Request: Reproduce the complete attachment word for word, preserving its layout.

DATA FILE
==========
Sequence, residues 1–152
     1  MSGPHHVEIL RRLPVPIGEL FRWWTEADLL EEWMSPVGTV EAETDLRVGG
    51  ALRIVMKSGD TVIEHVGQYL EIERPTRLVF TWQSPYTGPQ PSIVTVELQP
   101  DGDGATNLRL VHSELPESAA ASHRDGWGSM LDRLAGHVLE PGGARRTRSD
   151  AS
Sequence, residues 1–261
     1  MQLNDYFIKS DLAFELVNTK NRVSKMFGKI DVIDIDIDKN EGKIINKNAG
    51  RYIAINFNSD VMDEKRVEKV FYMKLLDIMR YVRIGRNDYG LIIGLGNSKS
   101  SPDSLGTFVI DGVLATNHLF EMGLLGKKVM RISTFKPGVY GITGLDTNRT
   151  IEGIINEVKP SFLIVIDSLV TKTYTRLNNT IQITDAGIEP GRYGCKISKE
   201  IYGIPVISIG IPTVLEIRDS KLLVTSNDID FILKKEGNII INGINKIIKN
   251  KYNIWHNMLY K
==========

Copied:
Sequence, residues 1–152
     1  MSGPHHVEIL RRLPVPIGEL FRWWTEADLL EEWMSPVGTV EAETDLRVGG
    51  ALRIVMKSGD TVIEHVGQYL EIERPTRLVF TWQSPYTGPQ PSIVTVELQP
   101  DGDGATNLRL VHSELPESAA ASHRDGWGSM LDRLAGHVLE PGGARRTRSD
   151  AS
Sequence, residues 1–261
     1  MQLNDYFIKS DLAFELVNTK NRVSKMFGKI DVIDIDIDKN EGKIINKNAG
    51  RYIAINFNSD VMDEKRVEKV FYMKLLDIMR YVRIGRNDYG LIIGLGNSKS
   101  SPDSLGTFVI DGVLATNHLF EMGLLGKKVM RISTFKPGVY GITGLDTNRT
   151  IEGIINEVKP SFLIVIDSLV TKTYTRLNNT IQITDAGIEP GRYGCKISKE
   201  IYGIPVISIG IPTVLEIRDS KLLVTSNDID FILKKEGNII INGINKIIKN
   251  KYNIWHNMLY K